How GDS is driving government digital transformation
Posted on: 28/02/2019
Employing more than 500 people, The Government Digital Service (GDS) is the governmental department responsible for transforming digital practices of the entire central government, whether the Cabinet Office or the Whitehall departments.
What is GDS?
Created in 2011, the Government Digital Service (GDS) seeks to ensure that the huge number of government departments, all which have different levels of technological maturity, are benefitting from the same levels of digital innovation. It also seeksto improve the experience of residents making use of the different departments, ensuring the right services are digitised and that accounts and information are linked with other systems and services, in addition to striving to make tasks completed with as little effort as possible. When it was first developed, the GDS set out to create a “digital by default” strategy so that any new services offered by the government are available digitally, rather than requiring internal or external parties to fill out paper forms; the idea was not to replace services with digital only options, but instead to encourage those who can turn digital to do so.
What has it achieved?
A major part of the GDS’s work was developing and promoting the gov.uk website, which acts as an umbrella-source of information for government departments. The site houses many application forms and vital services that UK citizens need to access, with everything from driving licence applications to PAYE tax returns as well as information on social care and much more. The central idea behind the site’s development was to create “government-as-a-service” and ensure all digital services used the same components rather than bespoke software. It replaced hundreds of websites used by individual departments and public bodies, encompassing a much more joined-up approach than what existed previously. The goals were clear from the start; make government services more accessible to the public and to reduce government spending on IT. The 15-month project saw GDS close 85 website domains and subdomains in the process of moving 312 agencies and government organisations over to share one domain. This made it easier for people to find the public services they were looking for; many of them were digitised and available online via gov.uk.
Another achievement was GDS’s spending controls on departments’ IT budgets, where GDS vetoes any contracts that break its £100 million red lines. While there are exceptions like the Ministry of Defence, most departments must work within these controls, which also encourage departments to build prototypes rather than outlining specs in long documentation, and to break contracts into chunks, rather than going with one large provider. The spending controls directly saved £339 million in 2015/16, according to the Cabinet Office.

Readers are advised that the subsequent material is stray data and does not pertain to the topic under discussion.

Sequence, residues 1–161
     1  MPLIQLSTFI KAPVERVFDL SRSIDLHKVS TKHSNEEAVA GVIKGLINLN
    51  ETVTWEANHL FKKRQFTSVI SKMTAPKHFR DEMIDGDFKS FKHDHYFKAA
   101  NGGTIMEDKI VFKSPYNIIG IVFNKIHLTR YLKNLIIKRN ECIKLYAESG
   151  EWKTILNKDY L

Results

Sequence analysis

A key ongoing project is Government-as-a-Platform (GaaP). The scheme aims to replace departments’ customised IT systems with shared, standardised platforms. Doing so would cut down on costly duplicated IT systems, such as when the Ministry of Justice wrote off a £56 million ERP system after discovering the Cabinet Office had already built such a system with the same provider.
GDS has evolved from a driving force of digital departments dragging along with it, to a guiding hand helping the public sector achieve digital transformation. How will its role develop in the future? By 2020, the government wants Verify to have 25 million users – a huge increase on the 1.1 million it had as of January 2017. This will require an enormous level of engagement and they will likely have to bring in lots of alternative sources of ID such as bank accounts and credit cards.
Another ambitious goal of the strategy is to boost digital skills within government, getting civil servants to understand digital and digital experts to understand government. GDS is launching a Digital Skills Academy to train people up, and a Data Science Accelerator Programme to improve people’s ability to handle data. By improving its rewards structure, it believes it can hold onto digital experts too, fending off the lure of higher wages in the private sector. What’s more, more skills will help GDS deliver the big goals of the transformation strategy and train the next generation of technologists in the languages that they believe will deliver their vison of the future.